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How Businesses Across America Are Moving Forward to Help the Communities Around Them

By deciding to pivot, not panic, during the earliest days of the pandemic, our partners have kept their communities close while navigating their businesses through COVID-19. 

Meredith Cunningham Published: June 2, 2020
How Businesses Across America Are Moving Forward to Help the Communities Around Them image

Within the last few months, we’ve all discovered one thing: nothing is normal right now. Whether your business has open or closed during the first few months of the pandemic, customer and client habits have changed, and most likely for good.    

But there’s one thing that hasn’t changed: the importance of the local community.  

As we’ve seen with several successful local businesses across the countryserving the greater good of our communities in the age of COVID-19, has never been more important. 

From restaurants and home services to non-profits and utility providers, here are four examples of how businesses can help the community in the COVID-19 era. 

Georgia Natural Gas: Helping Seniors with Meals on Wheels 

“Due to the COVID-19 crisis, everything is working differently now,” says Maurice Baker, Manager of Community Relations, Georgia Natural Gas. “As we were developing plans to support the non-profits in our community, it became clear that we really needed to concentrate on seniors and make sure they would continue to receive meals.”  

And that’s exactly what they did. Baker says the company immediately increased its support to organizations like Meals on Wheels, and other non-profits it had supported in the past, such as The Giving Kitchen.   

Georgia Natural Gas, however, needed help getting the message out. That’s where WXIA steps in to help create and amplify this message of showing seniors they can have meals delivered without having to leave the comfort of their own home during this crisis.  

“Working together, serving together has been one of our mottos, and we’ve been able to do that with the station (WXIA) for years,” says Baker. 

Points of Light Shares Inspiring Stories via Hearthreads  

“As soon as we learned about COVID-19, we knew that we would have to shift our strategy,” says Natalye Paquin, President, and CEO of non-profit Points of Light.  

In order to keep its global network of volunteers connected to local communities during these difficult times, Points of Light decided to put a new amplified emphasis on storytelling.  

“Telling the stories and recognizing the power of people in their communities is more important than ever,” says Paquin. We want to lift up and celebrate good work. 

Showcasing its content via HeartThreads, a content series focused on the best stories about the best of us seemed like the perfect fit. Sharing inspiring content in a time where hope is much needed, allowed Points of Light to continue its mission, all while increasing its social media presence, and more importantly, getting more inspiring stories to tell.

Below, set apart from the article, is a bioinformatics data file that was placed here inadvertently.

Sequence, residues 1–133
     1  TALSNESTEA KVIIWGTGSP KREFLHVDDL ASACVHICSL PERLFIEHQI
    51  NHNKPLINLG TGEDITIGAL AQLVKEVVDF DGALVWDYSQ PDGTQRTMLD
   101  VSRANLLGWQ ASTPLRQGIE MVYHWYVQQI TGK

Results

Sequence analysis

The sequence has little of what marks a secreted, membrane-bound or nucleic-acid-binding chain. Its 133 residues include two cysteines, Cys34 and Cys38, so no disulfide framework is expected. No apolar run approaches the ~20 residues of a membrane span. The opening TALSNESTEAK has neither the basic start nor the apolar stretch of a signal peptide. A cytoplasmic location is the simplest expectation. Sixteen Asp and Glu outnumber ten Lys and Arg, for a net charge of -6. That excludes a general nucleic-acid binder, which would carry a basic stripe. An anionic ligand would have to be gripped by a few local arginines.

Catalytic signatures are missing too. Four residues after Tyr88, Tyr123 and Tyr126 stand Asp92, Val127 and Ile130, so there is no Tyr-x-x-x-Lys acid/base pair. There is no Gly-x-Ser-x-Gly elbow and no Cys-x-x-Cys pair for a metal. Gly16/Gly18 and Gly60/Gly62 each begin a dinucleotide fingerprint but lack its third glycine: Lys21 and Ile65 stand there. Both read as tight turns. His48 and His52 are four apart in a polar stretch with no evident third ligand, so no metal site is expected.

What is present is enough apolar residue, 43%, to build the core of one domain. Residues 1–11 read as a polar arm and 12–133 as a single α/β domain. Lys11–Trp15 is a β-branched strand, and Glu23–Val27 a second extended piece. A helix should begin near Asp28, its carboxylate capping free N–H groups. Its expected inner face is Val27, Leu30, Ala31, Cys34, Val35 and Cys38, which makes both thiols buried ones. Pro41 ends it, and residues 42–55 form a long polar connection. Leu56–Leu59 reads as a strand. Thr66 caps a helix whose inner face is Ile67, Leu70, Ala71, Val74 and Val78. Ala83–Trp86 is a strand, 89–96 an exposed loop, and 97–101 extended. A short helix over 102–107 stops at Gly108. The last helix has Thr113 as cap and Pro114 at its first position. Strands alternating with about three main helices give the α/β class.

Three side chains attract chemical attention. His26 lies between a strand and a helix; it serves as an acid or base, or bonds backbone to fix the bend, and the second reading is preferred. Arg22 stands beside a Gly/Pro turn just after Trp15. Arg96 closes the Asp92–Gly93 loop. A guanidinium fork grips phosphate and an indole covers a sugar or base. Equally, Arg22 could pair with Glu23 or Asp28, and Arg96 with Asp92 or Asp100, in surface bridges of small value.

Lifetime Windows & SidingStaying Active & Helping the Community

When the pandemic first hit, Lifetime Windows and Siding’s Director of Marketing, Phil O’Dell asked two questions: How would my business stay active in the marketplace and how can my business help support the community during such a difficult time? By partnering with TEGNA, Lifetime Windows and Siding had no problem doing both. 

To remain active in the marketplace, a broadcast campaign was launched with 9News to let the Denver area know that while running its largest promotion to date, its teams are adhering to CDC guidelines to operate safely in client homes. 

 To help the community in such a difficult time, the same campaign let community residents know that Lifetime Siding & Windows are partners with Food Bank of the Rockies. “A lot of people out there are struggling and we want to make sure nobody goes hungry,” says O’Dell. “To date, we donated about $10,000, and we’re really proud of that.” 

The Hooley House: Bottoms Up Helps Out with Essentials 

“I realized we had to make some drastic business decisions when the reports started coming out about how serious the virus was,” says Richie Reese, owner of all four Hooley House locations in Cleveland, Ohio. 

“As a business owner, you have to be flexible. You have to change with the environment,” Reese says. “So instead of Taco Tuesday, we’re doing TP Tuesday, where we give a free roll of toilet paper out with every order.” The Hooley House also created Thankful Thursdays, a recognition program where one nominated nurse a week will win a $50 gift certificate to the restaurant. 

By deciding to pivot instead of panic, The Hooley House has been able to operate as essential business, providing food, and more importantly hope and kindness, during such an uncertain time. “We’re just trying to help the community, and have a little bit of fun while doing it,” says Reese.

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